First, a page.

In his article “Paradox of Thrift,” (July 2009), author James M. Seibert looks to be calculating his average service lives as the reciprocal of depreciation rates, whereas utility depreciation rates reflect both life and net salvage. For electric utilities, the cost of removal for most types of transmission and distribution property exceeds the salvage, resulting in the net salvage component having the effect of increasing the rate. Therefore, the reciprocal of an electric transmission or distribution depreciation rate is likely to indicate a life less than the inherent average service life. How much less will be influenced by the extent to which regulatory bodies allow net salvage to be reflected in depreciation rates, and there is considerable variation in this from state to state.
Mr. Seibert notes that the calculated lives for Pennsylvania are high, which is not surprising, given that Pennsylvania precludes net salvage from being reflected in the depreciation rates for transmission and distribution property. Therefore, the reciprocal of Pennsylvania depreciation rates is the average service life, whereas for every other state it reflects both life and net salvage. The variation in the regulatory treatment of net salvage among states is also evident in Mr. Seibert’s Figure 7, because Georgia requires a form of cash treatment that allows only enough net salvage in depreciation rates to equal the amount of current expenditures, whereas most other states (Delaware and Maryland are exceptions) allow accrual treatment of net salvage that results in higher depreciation rates and an accumulation of net removal amounts in book depreciation reserves.
The influence of net salvage on the calculated average service lives is also evident from the lives on Figure 7 for station equipment being higher than the lives for poles. Station equipment tends to exhibit positive net salvage that would cause the rate reciprocal to overstate the life, whereas poles exhibit negative net salvage that would cause the reciprocal to understate the life. I note that Figure 7 incorrectly identifies the transmission accounts (350 through 359) as being distribution accounts and the distribution accounts (361 through 373) as being being transmission accounts. [Editor’s note: The error was Fortnightly’s, not Seibert’s.] I also note that the shape of the survivor curve on Figure 4 is somewhat similar to the Iowa patterns, but is not the same as any of the 30 Iowa patterns.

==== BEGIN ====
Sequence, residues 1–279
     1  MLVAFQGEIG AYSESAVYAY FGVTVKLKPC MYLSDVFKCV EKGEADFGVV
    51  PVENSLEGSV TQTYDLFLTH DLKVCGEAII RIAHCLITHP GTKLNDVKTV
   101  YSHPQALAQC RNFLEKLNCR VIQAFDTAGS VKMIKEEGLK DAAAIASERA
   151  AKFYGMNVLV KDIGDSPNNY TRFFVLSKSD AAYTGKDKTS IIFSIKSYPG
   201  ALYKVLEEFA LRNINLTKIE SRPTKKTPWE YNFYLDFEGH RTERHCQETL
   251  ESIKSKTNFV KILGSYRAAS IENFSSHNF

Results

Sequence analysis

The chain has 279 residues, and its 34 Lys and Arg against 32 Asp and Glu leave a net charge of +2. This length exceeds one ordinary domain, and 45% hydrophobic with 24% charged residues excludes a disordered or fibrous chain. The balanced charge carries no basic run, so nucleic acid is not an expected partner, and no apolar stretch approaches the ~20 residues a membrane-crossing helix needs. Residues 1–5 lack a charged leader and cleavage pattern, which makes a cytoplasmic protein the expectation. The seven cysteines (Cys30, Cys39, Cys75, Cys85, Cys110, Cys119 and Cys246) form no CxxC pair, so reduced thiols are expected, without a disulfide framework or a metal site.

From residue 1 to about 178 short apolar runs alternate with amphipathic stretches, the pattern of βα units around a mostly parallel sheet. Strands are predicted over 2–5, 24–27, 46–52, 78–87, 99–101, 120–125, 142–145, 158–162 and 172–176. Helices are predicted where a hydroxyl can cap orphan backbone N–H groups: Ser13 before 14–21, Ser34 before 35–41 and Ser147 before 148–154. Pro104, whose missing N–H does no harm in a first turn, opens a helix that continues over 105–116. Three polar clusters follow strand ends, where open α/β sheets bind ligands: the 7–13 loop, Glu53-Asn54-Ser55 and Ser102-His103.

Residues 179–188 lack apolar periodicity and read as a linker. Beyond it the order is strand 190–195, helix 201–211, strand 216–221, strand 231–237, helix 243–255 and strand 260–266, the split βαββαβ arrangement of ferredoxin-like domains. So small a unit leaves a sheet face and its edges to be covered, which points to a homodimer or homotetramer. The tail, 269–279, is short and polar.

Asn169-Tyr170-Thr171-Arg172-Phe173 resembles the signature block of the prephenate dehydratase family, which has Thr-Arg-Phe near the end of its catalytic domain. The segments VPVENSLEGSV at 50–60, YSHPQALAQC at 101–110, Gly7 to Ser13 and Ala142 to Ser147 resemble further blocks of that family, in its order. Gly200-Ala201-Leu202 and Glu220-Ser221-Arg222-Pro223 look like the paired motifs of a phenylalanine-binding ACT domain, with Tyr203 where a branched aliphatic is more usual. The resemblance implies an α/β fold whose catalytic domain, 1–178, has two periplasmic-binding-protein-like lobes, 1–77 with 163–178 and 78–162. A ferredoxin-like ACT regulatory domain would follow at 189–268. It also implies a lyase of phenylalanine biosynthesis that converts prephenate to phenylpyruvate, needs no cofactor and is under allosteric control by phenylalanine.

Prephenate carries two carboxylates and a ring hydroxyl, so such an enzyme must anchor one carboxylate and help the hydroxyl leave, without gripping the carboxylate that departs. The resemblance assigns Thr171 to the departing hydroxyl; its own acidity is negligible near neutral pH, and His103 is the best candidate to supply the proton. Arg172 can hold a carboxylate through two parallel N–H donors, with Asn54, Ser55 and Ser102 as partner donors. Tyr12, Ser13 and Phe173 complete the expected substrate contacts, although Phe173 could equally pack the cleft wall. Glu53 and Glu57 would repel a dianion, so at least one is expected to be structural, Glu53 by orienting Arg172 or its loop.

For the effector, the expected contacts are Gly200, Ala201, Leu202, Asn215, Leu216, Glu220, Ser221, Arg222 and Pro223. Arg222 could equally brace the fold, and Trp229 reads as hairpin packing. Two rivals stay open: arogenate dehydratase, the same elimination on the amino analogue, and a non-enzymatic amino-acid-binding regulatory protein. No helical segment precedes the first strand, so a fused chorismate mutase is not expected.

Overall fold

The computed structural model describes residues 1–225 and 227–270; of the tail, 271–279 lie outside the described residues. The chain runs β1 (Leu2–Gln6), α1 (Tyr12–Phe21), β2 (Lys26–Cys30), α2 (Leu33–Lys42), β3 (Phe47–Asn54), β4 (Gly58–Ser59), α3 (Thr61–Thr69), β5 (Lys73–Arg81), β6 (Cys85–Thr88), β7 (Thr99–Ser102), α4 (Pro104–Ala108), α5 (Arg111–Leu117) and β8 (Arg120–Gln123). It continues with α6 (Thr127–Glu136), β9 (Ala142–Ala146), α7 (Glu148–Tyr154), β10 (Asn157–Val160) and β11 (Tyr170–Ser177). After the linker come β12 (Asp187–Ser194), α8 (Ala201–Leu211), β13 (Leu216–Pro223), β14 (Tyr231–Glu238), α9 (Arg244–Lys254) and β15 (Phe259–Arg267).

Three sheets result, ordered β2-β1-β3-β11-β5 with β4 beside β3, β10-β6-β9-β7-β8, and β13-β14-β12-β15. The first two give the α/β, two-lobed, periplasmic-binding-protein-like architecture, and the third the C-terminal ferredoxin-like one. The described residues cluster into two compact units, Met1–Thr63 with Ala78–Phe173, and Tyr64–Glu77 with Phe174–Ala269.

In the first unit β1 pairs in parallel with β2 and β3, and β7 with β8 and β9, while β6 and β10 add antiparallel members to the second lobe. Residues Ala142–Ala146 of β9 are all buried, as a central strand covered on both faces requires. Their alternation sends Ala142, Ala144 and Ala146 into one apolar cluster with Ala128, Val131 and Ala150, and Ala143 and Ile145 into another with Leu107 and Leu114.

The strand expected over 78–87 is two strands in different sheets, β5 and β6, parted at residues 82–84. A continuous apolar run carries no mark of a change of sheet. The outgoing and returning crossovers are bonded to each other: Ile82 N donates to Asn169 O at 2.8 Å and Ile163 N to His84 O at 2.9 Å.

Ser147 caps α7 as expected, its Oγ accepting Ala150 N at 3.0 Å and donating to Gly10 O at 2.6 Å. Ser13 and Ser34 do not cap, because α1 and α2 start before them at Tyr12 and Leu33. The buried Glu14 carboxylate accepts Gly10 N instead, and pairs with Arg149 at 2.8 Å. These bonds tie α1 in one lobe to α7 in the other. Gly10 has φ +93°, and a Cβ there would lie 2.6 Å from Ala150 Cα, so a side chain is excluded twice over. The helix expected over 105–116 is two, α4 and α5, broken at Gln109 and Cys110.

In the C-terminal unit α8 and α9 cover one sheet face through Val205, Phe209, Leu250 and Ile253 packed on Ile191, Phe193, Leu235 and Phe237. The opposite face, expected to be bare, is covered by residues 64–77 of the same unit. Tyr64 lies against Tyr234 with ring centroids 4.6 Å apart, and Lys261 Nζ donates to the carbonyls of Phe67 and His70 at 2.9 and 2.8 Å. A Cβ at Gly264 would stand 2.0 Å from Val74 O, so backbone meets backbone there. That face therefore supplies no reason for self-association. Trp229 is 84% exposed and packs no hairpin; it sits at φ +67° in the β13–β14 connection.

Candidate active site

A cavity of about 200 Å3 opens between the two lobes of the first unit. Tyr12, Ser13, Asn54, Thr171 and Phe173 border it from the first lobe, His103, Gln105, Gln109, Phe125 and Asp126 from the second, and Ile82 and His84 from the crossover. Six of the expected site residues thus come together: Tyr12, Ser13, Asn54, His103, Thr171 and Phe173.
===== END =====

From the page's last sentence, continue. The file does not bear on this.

Mr. Seibert makes a case for increasing depreciation rates to provide capital for system modernization. However, there is a long-term downside to higher depreciation rates, because rate base regulation causes any depreciation change to reverse in a few years as the higher accruals accumulate in the book reserve. Therefore, a depreciation increase today will decrease the total cash flow over the typically long life of electric utility property, but this would be offset to an unknown extent by the investment increasing as a consequence of modernization. The FERC has the authority to authorize accelerated depreciation to encourage transmission line construction, but I do not believe there have been any requests to do so. It would be interesting to know why there have been no requests.
The net salvage incorporated into electric utility depreciation rates nearly always reflects some form of deferral, which is most commonly a consequence of adopting the net salvage experienced in the past rather than the estimated average or future net salvage that is supposed to be utilized for calculating depreciation rates. Therefore, what Mr. Seibert considers to be accelerated depreciation could easily be implemented by regulatory bodies willing to abandon net salvage deferral mechanisms and to allow ratable treatment of the estimated average net salvage that is supposed to be utilized for calculating whole life depreciation rates and the estimated future net salvage that is supposed to be utilized for calculating remaining life rates.
John S. Ferguson, CDP Richardson, Texas
My comment used in Mr. Radford’s August story, “The Smart-Enough Grid” implied that I was not supportive of smart grid, which is not the case. The comment, “Consumers are staring down the barrel of a host of extraordinary costs,” was written with the notion that utilities are asking for additional incentives to their rates of return to implement smart grid even after the federal government has offered stimulus dollars that reduces the uncertainty of cost recovery by as much as 50 percent.
These incentives are not warranted and should not be awarded. Instead, the best way to address this uncertain cost recovery is to require utilities to submit plans for pre-approval that are audited and verified. Provided that utilities adhere to a plan of prudent and justifiable costs, they would be allowed reasonable cost recovery.
We must be mindful of the impact of incentives considering that struggling consumers will be the ones with the burden of paying all costs—smart grid, climate-change legislation and new transmission lines alike. Utilities should treat ratepayer expenditures with the same care that they treat shareholder dollars, and regulators must assure that electric service is affordable for all.
Janine Migden-Ostrander, Ohio Consumers’ Counsel